NEW YORK/SAN FRANCISCO (Reuters) - Facebook Inc (FB.O), facing a raft of lawsuits from investors seeking to recoup losses from its botched IPO, laid out on Friday how cascading Nasdaq trading glitches might have stoked the confusion that marred its May 18 debut.
The No. 1 social network and lead underwriters Morgan Stanley (MS.N), Goldman Sachs Group Inc (GS.N) and JPMorgan Chase & Co (JPM.N) have filed a motion requesting that dozens of shareholder lawsuits over its $16 billion initial public offering be grouped together in Manhattan federal court.
The filing, while standard in cases with multiple lawsuits, gives a glimpse at how Facebook may choose to structure its defense and represents the social networking company’s first public response to the chaos that engulfed its high-profile debut.
Facebook’s stock leapt 6 percent on Friday to end above $30 for the first time since May 25. It also recorded its biggest single-day gain since it began trading, as a string of recent improvements to its advertising system raised hopes about its prospects. But the eight-year-old company founded by Mark Zuckerberg in his Harvard dorm room has shed a fifth, or $20 billion, of its value from the $38 IPO price.
Despite the downward spiral, many employees made millions with stock awards. On Friday, chief technology officer Bret Taylor - overseer of the social network’s main platform and mobile business - announced he was leaving this summer, becoming the first senior executive to break ranks.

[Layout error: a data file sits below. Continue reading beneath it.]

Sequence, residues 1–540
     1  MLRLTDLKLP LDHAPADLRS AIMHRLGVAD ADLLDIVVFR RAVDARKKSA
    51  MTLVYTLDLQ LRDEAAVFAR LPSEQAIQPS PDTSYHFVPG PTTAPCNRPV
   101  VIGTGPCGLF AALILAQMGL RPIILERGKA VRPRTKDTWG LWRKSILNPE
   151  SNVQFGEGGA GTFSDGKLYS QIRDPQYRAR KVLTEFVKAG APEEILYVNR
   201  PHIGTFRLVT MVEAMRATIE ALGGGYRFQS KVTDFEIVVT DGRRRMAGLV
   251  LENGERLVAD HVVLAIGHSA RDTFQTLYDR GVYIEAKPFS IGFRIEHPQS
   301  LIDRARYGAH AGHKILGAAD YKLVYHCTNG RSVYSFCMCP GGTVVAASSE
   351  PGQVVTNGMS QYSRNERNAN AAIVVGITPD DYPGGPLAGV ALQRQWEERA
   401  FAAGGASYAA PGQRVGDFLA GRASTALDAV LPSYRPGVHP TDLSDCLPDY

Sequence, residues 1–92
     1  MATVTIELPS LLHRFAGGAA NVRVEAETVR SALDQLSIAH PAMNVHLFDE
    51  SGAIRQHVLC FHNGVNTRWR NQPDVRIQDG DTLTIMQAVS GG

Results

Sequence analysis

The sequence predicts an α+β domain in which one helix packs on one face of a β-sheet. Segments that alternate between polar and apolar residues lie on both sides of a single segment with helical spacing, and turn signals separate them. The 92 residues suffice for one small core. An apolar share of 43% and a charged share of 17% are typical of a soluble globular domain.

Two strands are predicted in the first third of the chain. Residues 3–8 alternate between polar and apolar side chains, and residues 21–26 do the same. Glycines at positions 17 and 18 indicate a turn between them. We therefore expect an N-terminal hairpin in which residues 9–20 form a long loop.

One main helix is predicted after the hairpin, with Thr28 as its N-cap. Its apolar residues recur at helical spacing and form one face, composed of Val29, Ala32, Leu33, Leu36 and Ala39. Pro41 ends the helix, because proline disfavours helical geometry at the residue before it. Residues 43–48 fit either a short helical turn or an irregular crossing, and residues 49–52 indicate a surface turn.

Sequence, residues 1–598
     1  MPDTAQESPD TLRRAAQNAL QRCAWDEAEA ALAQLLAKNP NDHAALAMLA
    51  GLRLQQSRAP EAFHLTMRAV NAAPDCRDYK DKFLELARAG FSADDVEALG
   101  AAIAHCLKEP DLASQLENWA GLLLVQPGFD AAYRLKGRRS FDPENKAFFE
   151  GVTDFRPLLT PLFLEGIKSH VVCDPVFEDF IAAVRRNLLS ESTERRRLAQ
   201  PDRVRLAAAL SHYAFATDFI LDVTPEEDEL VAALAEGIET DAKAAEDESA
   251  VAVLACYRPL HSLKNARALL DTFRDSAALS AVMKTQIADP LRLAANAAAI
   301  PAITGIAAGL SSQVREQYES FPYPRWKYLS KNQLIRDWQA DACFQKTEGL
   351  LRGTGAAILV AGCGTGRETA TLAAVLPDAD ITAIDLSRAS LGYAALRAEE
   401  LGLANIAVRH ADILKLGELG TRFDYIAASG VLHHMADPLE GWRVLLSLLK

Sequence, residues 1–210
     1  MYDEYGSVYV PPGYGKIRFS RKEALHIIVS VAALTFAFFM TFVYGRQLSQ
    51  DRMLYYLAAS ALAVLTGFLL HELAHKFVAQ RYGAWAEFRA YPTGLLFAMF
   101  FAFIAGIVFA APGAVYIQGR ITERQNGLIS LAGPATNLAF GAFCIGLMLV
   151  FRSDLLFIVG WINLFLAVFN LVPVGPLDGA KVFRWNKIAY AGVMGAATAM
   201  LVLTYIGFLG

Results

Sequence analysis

“It’s certainly a negative when so soon after the company has gone public that key people leave,” said Pivotal Research Group analyst Brian Wieser.
But he said such post-IPO departures are not surprising, as executives whose equity shares in the company have vested, cash out and move on.
“It’s not something that you would take as a vote of no-confidence” in the company, Wieser said.
He noted that investors are primarily concerned about Facebook CEO Zuckerberg, Chief Operating Officer Sheryl Sandberg and Chief Financial Officer David Ebersman.
Facebook’s IPO was to have been the culmination of years of breakneck growth for the cultural phenomenon. But it became mired in controversy as more than a dozen shareholder lawsuits accused Facebook and its underwriters of obscuring the company’s weakened growth forecasts ahead of the May 18 stock offering.
Nasdaq OMX Group Inc (NDAQ.O) has also been sued by investors who claimed the exchange operator was negligent in handling orders for Facebook shares. Nasdaq spokesman Joseph Christinat declined to comment on Friday.
In the motion filed late Thursday, Facebook - the first U.S. company to debut with a market value of more than $100 billion - defended its pre-IPO disclosures on mobile user revenue growth. The motion cited reports that Facebook had told underwriters about lowered revenue forecasts but not amended its prospectus.
Plaintiffs “ignore that what Facebook and the underwriter defendants allegedly did both followed customary practices and did not violate any rules,” according to the motion.
Reuters reported on May 22 that analysts at Morgan Stanley and other top underwriters cut their Facebook estimates just over a week before the IPO and told some institutional investors about the unusual step in conference calls.